When I requested a doctor’s note to explain future absences at university, as I waited on two referral notes for my termination, I was told rather condescendingly that pregnancy was not an illness. I held back tears as I meekly suggested he treat future patents with a little more compassion while he begrudgingly wrote out my note: ‘My patient is experiencing a medical issue causing stress’. I trekked two miles from the surgery back to halls, sobbing in the rain.
Constant morning sickness was a throbbing reminder, as I waited a few weeks to be treated in my chosen clinic. Despite having a close support network of friends, I still felt guarded over who I shared the news of my crisis pregnancy with. Some may wonder why I’ve never told them about it: you were not my safe space, I was fearful you would judge me. I told my mum the night before my termination, and it was only during that phone call that she would finally address her own personal trauma. She too felt it a heavy and shameful burden to share, even with her only daughter.
“The abortion took place on the floor of a Belfast home – back then, they were performed using soap. She recalled seeing the homeowner’s dinner scraps from the night before on the stove as she lay on the floor”
My mother found herself pregnant at a similar age, the first time she had ever had sex. A backstreet abortion was quickly arranged by my small but mighty grandmother, who came from a Catholic background and entered motherhood as a teenager after a shotgun marriage. The abortion took place on the floor of a Belfast home – back then, they were performed using soap. She recalled seeing the homeowner’s dinner scraps from the night before on the stove as she lay on the floor, a sombre guest in this stranger’s home, denied basic healthcare and dignity. This was a family home, and all the women in it were facing life imprisonment for the sake of my mother’s bodily autonomy.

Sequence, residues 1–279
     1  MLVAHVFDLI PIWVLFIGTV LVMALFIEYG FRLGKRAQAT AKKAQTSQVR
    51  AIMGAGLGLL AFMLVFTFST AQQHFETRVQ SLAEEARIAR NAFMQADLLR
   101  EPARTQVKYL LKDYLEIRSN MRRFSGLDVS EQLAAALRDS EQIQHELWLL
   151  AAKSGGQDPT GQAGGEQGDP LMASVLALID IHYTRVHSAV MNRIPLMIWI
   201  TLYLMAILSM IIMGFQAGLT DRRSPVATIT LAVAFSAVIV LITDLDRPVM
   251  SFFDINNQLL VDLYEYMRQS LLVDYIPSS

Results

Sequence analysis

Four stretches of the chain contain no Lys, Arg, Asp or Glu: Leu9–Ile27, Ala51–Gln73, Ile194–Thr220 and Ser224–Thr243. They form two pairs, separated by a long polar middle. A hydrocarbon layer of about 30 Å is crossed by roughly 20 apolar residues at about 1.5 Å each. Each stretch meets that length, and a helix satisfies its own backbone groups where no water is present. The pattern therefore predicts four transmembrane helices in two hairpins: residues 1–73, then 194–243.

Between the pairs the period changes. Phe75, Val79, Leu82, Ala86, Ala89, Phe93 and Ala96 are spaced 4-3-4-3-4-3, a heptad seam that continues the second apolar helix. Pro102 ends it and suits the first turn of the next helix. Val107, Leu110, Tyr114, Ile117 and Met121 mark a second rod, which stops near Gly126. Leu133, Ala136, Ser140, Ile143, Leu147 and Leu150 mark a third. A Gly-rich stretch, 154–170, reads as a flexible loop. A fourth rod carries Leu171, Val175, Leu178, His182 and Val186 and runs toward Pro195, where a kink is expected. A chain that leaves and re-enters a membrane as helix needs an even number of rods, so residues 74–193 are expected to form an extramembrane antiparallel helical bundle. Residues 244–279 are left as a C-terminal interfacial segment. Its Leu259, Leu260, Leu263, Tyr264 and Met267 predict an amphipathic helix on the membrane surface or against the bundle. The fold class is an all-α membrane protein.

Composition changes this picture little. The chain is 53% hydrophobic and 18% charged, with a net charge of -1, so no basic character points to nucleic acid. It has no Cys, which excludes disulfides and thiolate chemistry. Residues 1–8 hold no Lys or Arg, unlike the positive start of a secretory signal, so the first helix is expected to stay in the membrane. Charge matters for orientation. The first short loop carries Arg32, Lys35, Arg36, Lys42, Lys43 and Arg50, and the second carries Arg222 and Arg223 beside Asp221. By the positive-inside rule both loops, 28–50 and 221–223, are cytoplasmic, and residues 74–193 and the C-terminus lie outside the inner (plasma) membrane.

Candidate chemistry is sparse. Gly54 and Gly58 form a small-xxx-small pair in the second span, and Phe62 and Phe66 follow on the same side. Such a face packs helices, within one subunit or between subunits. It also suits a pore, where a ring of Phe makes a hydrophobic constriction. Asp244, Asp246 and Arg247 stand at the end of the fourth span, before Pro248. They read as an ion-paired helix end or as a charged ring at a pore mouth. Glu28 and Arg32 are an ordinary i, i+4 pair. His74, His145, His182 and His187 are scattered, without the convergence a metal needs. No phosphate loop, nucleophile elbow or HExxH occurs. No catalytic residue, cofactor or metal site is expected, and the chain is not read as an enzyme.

This was 1970s Belfast, and not much has changed – in 2016, a woman was given a suspended sentence after inducing her own miscarriage at home, turned in to the police by her own housemates. In early 2017, the authorities raided the homes of activists and seized packages of abortion pills. My mum still feels bound by shame because the law criminalises abortion – she’s still fearful of stigma, and even legal consequences. That is why I’m sharing our story, and for the generations of Irish women who came before me and will follow me, conditioned by this culture.
When I was treated by the clinic in Ealing (west London), I was warned about pro-life protesters insistently. ‘If you are travelling by Taxi make sure they drop you off right at the door’ they advised. ‘Protesters might shout at you, they might even try and block you from coming in, ignore them as best you can and press the buzzer on the door to access the building.’ I shook as I exited the taxi, but thankfully did not encounter the imposing, at times violent protesters others had faced. When I arrived I heard a familiar accent at the reception desk, and an older Irish woman signed me in. Less than a month ago, Ealing Council made UK history by banning protesters outside the clinic, thanks to pressure from Sister Supporter.
As sisters north and south of the border canvass, people journey home from across the globe to vote, and allies cheer IRL and URL to push for repeal, we must keep in mind the faceless nine a day travelling for abortions, landing on their Ryanair flights even as the ballot boxes fill up. Whatever way Ireland votes, more will need to be done, and we must ask what the Northern Irish government plans to do about those they continue to export, draconian laws on abortion as of yet unthreatened. We must also keep working on the stigma surrounding our bodies, and the societal values hangover from Ireland that still lives on in us. In bustling streets marching arm-in-arm, across kitchen tables, and in corners of pubs – I hope whatever happens we’ll stand together.